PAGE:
About Trials


General description of observed motorcycle trials....

Motorcycle trials are non-speed events on specialized motorcycles. Riding over and around natural obstacles without contacting the ground. Points are awarded for contacting the ground or failing to complete the "section". The rider with the least points after completing all sections, is the winner.

The sport is very popular in the UK. though there are participants all around the world.

The bikes....

Trials motorcycles are very distinctive, in that they are built mainly for off-road use, are extremely light weight, have no seat (they're designed to be ridden standing-up) and have short suspension travel, compared to a motocross or enduro motorcycle.

The trial itself....

The event is split into "sections" (commonly ten) where a competitor rides through a natural obstacle course, while attempting to avoid touching the ground with his or her feet.

In many local trials events, the sections are divided into separate routes to accommodate the different skill level of riders, who compete in skill-rated classes.

In every section, the competitor is scored by an observer, who counts how many times the competitor touches the ground with their foot (or any other part of their body). Each time a competitor touches the ground with a foot (commonly called "dabs"), they are penalized one point.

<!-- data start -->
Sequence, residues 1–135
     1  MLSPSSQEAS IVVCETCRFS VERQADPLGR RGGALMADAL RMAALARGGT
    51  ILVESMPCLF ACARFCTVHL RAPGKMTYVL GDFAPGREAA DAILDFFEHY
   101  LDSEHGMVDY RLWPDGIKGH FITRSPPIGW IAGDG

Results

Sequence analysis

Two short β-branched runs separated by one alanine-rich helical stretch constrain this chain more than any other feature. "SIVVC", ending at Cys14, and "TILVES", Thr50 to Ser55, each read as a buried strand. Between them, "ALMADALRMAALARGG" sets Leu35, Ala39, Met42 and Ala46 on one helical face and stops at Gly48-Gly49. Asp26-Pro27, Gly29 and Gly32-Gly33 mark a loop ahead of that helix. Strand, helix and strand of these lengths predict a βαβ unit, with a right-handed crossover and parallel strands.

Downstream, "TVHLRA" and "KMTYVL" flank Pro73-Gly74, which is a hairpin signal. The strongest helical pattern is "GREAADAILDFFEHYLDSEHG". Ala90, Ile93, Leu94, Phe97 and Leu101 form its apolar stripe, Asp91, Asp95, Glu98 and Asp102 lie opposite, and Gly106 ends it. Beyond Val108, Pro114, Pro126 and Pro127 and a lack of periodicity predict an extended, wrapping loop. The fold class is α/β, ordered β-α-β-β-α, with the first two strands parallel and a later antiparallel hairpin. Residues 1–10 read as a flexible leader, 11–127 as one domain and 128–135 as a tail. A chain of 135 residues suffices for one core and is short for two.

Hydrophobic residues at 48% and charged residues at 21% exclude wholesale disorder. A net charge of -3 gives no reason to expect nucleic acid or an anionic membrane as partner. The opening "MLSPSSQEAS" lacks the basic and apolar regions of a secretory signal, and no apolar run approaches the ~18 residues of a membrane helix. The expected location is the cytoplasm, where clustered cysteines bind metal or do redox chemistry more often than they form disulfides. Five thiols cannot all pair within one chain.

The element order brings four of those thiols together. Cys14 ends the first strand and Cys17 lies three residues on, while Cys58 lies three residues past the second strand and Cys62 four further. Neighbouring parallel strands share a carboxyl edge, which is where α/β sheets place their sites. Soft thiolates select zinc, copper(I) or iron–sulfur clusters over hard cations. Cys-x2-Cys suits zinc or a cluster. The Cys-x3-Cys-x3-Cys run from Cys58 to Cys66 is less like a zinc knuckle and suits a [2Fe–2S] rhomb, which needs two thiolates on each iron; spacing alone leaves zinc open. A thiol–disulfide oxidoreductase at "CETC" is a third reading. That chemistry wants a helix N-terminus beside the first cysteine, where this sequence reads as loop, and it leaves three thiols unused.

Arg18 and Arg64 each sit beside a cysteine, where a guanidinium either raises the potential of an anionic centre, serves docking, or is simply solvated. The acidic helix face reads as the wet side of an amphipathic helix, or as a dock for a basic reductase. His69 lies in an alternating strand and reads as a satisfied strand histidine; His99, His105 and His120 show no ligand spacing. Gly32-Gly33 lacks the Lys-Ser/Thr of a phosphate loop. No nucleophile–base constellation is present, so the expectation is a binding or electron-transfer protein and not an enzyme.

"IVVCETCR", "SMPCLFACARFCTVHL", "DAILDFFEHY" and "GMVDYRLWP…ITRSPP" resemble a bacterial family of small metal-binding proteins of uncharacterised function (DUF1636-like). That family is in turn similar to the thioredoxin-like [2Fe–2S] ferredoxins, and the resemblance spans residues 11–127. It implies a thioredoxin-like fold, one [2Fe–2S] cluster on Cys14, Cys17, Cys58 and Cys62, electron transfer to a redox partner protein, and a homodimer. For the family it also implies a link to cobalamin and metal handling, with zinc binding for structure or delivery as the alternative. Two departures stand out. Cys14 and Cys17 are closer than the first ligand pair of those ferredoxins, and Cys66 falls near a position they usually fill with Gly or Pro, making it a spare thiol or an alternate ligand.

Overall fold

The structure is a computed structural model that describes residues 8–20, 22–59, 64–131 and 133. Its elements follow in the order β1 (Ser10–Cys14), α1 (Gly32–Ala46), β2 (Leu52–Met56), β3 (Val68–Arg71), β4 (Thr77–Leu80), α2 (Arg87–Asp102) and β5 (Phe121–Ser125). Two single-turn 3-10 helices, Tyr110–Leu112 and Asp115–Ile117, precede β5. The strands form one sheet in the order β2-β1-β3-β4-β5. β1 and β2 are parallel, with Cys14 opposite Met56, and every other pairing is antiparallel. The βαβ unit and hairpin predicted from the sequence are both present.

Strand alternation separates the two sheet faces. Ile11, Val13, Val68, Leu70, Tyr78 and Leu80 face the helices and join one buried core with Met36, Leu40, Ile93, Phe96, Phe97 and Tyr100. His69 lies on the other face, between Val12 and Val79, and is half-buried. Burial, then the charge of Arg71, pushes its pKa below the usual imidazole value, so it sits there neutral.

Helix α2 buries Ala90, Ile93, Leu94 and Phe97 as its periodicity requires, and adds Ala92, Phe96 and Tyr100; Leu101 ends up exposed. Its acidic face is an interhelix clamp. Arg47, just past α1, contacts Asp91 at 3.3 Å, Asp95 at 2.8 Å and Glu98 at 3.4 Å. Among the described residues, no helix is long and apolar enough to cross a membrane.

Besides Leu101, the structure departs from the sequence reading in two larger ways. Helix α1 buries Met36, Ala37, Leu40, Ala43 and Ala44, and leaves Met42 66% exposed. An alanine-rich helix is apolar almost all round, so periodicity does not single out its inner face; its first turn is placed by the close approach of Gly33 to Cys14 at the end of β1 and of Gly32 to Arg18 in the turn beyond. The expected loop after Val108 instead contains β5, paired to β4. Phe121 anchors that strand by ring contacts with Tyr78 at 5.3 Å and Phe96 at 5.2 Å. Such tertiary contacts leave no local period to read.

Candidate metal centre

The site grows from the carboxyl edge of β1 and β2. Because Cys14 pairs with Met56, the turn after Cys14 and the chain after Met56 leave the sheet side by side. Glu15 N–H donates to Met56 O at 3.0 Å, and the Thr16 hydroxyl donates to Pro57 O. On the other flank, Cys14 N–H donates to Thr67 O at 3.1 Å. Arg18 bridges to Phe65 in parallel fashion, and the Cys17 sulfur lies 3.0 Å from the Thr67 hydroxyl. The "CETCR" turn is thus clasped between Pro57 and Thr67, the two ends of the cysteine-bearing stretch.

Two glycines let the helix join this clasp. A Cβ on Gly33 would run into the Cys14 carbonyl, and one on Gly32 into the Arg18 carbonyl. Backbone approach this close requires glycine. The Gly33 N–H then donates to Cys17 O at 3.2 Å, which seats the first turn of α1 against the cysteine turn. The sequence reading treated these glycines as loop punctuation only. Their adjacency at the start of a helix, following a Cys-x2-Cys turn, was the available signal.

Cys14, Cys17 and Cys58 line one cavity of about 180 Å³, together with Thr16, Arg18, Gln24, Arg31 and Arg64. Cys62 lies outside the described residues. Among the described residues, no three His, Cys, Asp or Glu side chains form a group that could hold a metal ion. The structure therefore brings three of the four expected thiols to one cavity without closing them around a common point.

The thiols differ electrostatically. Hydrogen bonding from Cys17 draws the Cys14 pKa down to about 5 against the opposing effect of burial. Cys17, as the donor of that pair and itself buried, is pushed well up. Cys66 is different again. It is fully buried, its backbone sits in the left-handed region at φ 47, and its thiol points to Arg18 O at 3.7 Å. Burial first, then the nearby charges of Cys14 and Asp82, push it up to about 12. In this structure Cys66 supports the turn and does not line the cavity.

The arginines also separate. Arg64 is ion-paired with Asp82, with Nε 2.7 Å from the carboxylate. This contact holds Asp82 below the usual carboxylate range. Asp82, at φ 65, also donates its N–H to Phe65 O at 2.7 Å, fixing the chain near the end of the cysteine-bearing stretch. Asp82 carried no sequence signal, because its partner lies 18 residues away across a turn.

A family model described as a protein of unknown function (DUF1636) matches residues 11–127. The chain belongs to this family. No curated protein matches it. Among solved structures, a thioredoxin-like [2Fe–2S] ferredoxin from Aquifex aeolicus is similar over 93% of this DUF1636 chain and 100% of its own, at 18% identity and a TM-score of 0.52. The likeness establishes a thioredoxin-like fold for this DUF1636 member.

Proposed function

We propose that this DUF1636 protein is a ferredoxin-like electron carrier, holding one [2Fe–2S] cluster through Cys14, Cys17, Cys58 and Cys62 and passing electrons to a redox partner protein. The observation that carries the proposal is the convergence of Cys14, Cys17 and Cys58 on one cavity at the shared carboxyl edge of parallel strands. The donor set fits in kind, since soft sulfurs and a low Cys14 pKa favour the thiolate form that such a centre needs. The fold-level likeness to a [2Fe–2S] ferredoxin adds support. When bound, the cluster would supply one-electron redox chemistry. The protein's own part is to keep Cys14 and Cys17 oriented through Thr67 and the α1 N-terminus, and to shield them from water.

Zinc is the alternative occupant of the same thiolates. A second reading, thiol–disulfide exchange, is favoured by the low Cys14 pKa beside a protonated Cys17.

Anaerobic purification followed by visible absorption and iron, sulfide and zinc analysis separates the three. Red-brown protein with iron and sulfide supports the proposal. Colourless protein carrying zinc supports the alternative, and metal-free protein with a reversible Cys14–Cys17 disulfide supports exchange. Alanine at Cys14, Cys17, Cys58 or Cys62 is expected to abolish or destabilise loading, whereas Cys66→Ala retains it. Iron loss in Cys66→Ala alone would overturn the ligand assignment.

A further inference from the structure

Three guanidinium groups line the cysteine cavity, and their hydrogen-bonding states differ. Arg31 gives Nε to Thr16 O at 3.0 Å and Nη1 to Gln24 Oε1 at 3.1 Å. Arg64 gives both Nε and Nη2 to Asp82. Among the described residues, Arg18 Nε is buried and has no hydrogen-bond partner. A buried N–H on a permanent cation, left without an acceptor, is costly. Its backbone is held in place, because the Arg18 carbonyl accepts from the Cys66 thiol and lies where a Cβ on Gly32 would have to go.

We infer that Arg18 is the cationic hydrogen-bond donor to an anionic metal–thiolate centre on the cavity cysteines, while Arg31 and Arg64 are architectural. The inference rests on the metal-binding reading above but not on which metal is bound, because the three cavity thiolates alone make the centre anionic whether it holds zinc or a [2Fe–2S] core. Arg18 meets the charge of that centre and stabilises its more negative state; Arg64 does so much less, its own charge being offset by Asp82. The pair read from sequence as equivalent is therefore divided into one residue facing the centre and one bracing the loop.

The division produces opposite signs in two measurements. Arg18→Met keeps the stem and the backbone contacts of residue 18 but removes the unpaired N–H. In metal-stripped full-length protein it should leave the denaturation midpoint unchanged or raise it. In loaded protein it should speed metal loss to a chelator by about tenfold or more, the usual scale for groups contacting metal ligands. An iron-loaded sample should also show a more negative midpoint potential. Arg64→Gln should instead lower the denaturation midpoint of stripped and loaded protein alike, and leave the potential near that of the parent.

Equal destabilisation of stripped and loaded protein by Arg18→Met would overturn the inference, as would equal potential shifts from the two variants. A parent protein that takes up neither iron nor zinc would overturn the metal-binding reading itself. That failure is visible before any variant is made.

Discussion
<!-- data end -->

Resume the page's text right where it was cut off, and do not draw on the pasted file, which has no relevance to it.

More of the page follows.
Scoring....

The possible scores in each section consist of 0, 1, 2, 3, or 5.

If a competitor makes his way through the section without touching the ground with his/her foot, they are given a score of 0 (called "cleaning the section").

If they touch the ground only once, they are given the score of 1. If they touch down twice, they are given the score of 2. If they touch the ground three times or more, they are given the score of 3, as long as they complete the section without stalling the motor, dismounting, going out of bounds or going backwards.

If the competitor fails to complete their way through the section, or takes the wrong route, or goes backwards, they are given a score of 5.

Normally, the winner is the competitor with the least points at the end of the event. Some events are also timed with penalty points awarded to late riders.

Different classes....

There are also special "Classic" classes for vintage bikes - typically British (pre-1965), as well as a "Twinshock" class for trials-motorcycles with two rear shock absorbers. In most cases, twinshock motorcycles were manufactured before 1985 and are typically Japanese or Spanish.